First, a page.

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Next-generation DVD encryption system cracked?

A computer hacker known as Muslix64 posted on the Internet details of how he unlocked the Advanced Access Content System, the encryption mechanism that protects content on the next-generation HD DVD and Blu-ray discs.

The HD-DVD camp may have suffered a setback when the programmer announced in the Internet discussion forum Doom9 on 18 December that he had successfully copied movies distributed in the HD-DVD format. The note directed readers to a site where demonstration software he had written could be downloaded.

Muslix64 posted a video and decryption codes showing how to copy several films, including Warner Bros' Full Metal Jacket and Universal Studios' Van Helsing, on a popular hacker Internet blog and on YouTube site. The programmer has said that he plans to post more software this week, describing a more complete attack on AACS.

Technical experts who have examined the software posted by Muslix64 said that it was only a partial solution for making copies of the digitally protected material. Because the encryption system has a hierarchy of encryption keys, simply breaking the system for a single movie does not mean that it is possible to copy all movies.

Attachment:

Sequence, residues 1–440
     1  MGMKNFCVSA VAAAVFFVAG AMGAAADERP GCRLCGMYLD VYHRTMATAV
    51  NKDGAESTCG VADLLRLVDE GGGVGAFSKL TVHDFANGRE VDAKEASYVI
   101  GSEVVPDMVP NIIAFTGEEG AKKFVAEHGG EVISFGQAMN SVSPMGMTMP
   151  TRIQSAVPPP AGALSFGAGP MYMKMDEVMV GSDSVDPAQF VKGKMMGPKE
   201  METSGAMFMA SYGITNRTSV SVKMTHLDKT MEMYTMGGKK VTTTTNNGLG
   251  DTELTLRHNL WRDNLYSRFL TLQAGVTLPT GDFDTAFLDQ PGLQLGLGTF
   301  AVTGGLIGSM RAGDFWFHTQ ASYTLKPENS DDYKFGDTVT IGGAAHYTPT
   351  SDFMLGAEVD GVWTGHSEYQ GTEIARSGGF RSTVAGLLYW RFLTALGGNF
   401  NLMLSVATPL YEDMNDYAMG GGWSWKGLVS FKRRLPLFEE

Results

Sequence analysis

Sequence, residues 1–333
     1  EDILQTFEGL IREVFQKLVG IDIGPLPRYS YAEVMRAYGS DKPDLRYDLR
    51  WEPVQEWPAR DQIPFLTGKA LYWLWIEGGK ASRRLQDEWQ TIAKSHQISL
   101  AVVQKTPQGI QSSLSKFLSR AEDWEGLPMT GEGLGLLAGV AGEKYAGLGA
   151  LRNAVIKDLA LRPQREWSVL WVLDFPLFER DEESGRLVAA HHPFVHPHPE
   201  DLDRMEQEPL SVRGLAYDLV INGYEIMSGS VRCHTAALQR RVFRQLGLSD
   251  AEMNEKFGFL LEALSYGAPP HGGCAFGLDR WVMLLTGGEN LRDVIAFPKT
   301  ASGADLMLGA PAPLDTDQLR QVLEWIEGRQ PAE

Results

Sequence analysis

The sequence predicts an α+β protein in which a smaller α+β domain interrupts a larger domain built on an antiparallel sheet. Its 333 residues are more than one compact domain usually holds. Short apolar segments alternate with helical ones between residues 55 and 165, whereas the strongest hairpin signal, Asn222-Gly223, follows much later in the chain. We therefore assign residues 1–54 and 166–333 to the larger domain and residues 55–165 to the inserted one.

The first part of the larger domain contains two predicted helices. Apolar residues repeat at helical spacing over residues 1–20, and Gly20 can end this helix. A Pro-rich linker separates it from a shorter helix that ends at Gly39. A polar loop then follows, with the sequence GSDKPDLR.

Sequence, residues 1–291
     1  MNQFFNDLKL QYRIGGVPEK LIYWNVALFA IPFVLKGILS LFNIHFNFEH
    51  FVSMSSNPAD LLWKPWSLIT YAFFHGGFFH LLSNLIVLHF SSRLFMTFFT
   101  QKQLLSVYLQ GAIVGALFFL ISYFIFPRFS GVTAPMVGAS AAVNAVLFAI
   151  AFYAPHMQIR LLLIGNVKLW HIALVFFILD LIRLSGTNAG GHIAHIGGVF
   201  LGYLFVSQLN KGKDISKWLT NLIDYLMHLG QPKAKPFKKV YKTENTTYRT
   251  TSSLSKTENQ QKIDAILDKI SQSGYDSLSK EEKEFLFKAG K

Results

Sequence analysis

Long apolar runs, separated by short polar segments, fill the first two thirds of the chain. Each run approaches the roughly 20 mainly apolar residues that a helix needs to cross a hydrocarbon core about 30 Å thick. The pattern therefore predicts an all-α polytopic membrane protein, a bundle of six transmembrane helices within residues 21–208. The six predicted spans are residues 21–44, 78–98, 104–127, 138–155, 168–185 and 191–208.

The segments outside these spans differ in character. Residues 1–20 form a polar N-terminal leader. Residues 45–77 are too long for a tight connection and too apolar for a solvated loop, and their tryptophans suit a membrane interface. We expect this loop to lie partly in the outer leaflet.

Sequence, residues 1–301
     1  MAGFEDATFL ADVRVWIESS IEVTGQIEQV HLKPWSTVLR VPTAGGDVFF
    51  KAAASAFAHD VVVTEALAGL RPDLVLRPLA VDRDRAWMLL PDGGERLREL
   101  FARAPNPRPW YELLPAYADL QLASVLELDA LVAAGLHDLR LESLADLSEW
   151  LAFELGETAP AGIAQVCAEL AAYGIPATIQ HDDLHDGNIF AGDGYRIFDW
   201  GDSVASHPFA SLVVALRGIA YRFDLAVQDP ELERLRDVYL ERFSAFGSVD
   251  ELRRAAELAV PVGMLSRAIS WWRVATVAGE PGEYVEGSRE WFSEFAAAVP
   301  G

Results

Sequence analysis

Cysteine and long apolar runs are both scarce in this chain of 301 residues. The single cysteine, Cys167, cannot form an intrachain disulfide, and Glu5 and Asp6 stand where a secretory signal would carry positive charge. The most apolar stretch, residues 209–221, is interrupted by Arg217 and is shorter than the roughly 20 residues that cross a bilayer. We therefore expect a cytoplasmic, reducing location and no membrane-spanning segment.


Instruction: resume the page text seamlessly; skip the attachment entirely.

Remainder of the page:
A spokesman for one of the AACS companies contacted by Reuters said they were aware of it and were looking into the claims, but would not elaborate. The AACS system was developed by companies including Walt Disney, Intel, Microsoft, Toshiba and Sony to protect high-definition formats, including HD-DVD and Blu-ray. reckons that if Muslix64 is able to create a complete version of a decryption program, or if others extend the software so that consumers without technical expertise can readily make copies of movies, that would create a crisis for the HD-DVD camp.

That system contains a “revocation” mechanism for shutting down HD-DVD players whose encryption system has been compromised. But industry analysts say that taking such a step would give the HD-DVD system a tremendous black eye, angering consumers and shaking the confidence of Hollywood studios in the system.

Other commentators suggest in Internet discussion groups that the cracking of HD-DVD may increase the popularity of the hi-def format among consumers eager to make copies of movies they have purchased.

Story filed 03.01.07

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